Sunday, August 7, 2011

A State of Civility, Idiocy and Mind...A Texan Rant

On Facebook, the picture was a shot of the back of a car seen in Rhode Island. 

"Misplaced Texan" in the colors and style of the Lone Star flag had been slapped on the back.  The caption in the picture. "Somewhere in Texas, some village is missing..." and we all know the last word is idiot. 

Now I am a Texan, and I am on many subjects, an idiot.  But if it is wrong to cloak a whole people by a stereotype born of negative traits that harken to past and present close mindedness, then it is wrong to cloak a whole people by a stereotype based on geography and politics. I tried to ignore it.

Maybe because I'd spent a bit of the morning thinking fondly of my father (the Gospel's readings today remind me of several boating stories about him and fellow Texans), I couldn't ignore what I'd seen.  Reading another friend's descriptions of the sounds and smells and tastes of New Orleans put me in a decidedly nostalgic Southern frame of mind.  The insult of it kept gnawing at me.

I thought of how the air smells in my hometown Beaumont.  (Mine growing up was salt and peppered with mosquitoes).  Before we set foot on the driveway of our old home, we feel home.  Our bones know it when we are there, that this smells like home, because this part of home (if we left it to live somewhere else), we can only  experience by returning.  Breathing it in allows us to visit memories and experiences that otherwise very likely remain dormant and invisible even to ourselves. 

But for whatever the reason, the Texan in me wouldn't let go of the image and his words.  The Texan in me?She got mad.  It very likely proves the poster's point by responding but in all honesty, I'd prefer he allow each person from the Lone Star State to step forward and remove all doubt of their idiocy, rather than paint with a broad brush. So I'm stepping into it and forward by speaking back, by speaking up. 

If he didn't presume, if he got to meet even the person sporting the bumper sticker, he might find Texans, even misplaced ones, are friendly to a fault, laugh louder than most, love a good story, good food and a fair shake. 

Perhaps he'd tell me that's stereotypical too.

Most misplaced Texans (self included) put that sort of bumper sticker on their car as sort of a lament for the air of home.  Texans put those stickers on their car possibly because they'd prefer not to be surrounded by people that write them off as stupid because of how they talk and where they are from. Maybe they'd prefer to be with people who enjoy a good story, good food, a fair shake and laugh louder than most.  Maybe we miss something of that air, of that culture that did not presume we as individuals were idiots until we stepped forward and somehow proved it.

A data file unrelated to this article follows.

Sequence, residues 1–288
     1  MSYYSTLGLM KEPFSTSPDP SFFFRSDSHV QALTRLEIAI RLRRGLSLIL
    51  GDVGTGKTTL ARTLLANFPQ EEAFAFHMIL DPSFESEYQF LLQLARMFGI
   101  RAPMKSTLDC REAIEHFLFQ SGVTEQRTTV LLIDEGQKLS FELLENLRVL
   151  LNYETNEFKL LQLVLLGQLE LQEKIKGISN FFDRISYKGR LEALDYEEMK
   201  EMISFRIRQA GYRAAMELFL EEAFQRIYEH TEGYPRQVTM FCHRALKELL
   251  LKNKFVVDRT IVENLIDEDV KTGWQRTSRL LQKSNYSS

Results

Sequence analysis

I know there are plenty of smart Texans across this land.  I also know I may have just proved conclusively and permanently, (seeing as it's my blog and it's now on the Internet forever), I am not one of the smart ones.

So because it is Face book and just a bumper sticker that someone found amusing for different reasons than I would, I'd just like to invite the good professor to consider allowing himself to meet a few more of us.  We'll probably say some things you wouldn't, but we'll also probably surprise you.  I find that all humans do surprise each other if they take the time to break bread and  tell their stories; we are all poorer, dumber, weaker and more injured than we ever wish to let on, but we also are brighter, kinder and hold more wisdom than we ourselves imagine.  And we all sometimes show greater charity than previously presumed and also allow ourselves to snark more than we ought.

All of that comes out in conversation over beer or coffee or pie or barbecue much better than bumper stickers or even blogs.   I also know humor is subjective and sensibilities can be overly nursed to the point of being absurd which this probably has.

But I'm better now. I've said my piece in response to his and if I ever see a bumper sticker in the Lone Star State, "Misplaced Rhode Islander," I promise not to jump to negative or derogatory conclusions about the smallest state in the union missing a person.  I'll guess that person is missing something of the air of home that can't be found anywhere else but the place with the state motto "Hope" and ask to hear about what that person misses so much.

Then I went and reread the post that had provoked so much.  I saw it was a joke on the phrase, because it said, "Somewhere in Texas, a villiage is missing....the person who owns this vehicle."   I must have reread that post four times, checking for a mispelling, for an incorrect rendering of the Texas flag, anything to give the benefit of the doubt before sounding off and still missed it.  I missed the mark. 

Guess Beaumont is minus one idiot...and for the record, with all humility and laughing at myself for my myopia, "I'm very sorry professor, mea culpa and the crow tastes delicious."


Gramma 2 Many said...

I have been a bit late in reading my blogs so I almost missed that you visited me and left such a kind message. I am so thankful for all of you who do not know us yet are willing to offer prayers for my beautiful daughter. It brings me to tears. (once again) Thank you so much.
I am also so excited to meet new people and get to know them through their blogs and hope you will return often as I will yours.

LarryD said...

Sherry - I gone up and tagged you in a meme.

Leaving a comment is a form of free tipping. But this lets me purchase diet coke and chocolate.

If you sneak my work, No Chocolate for You!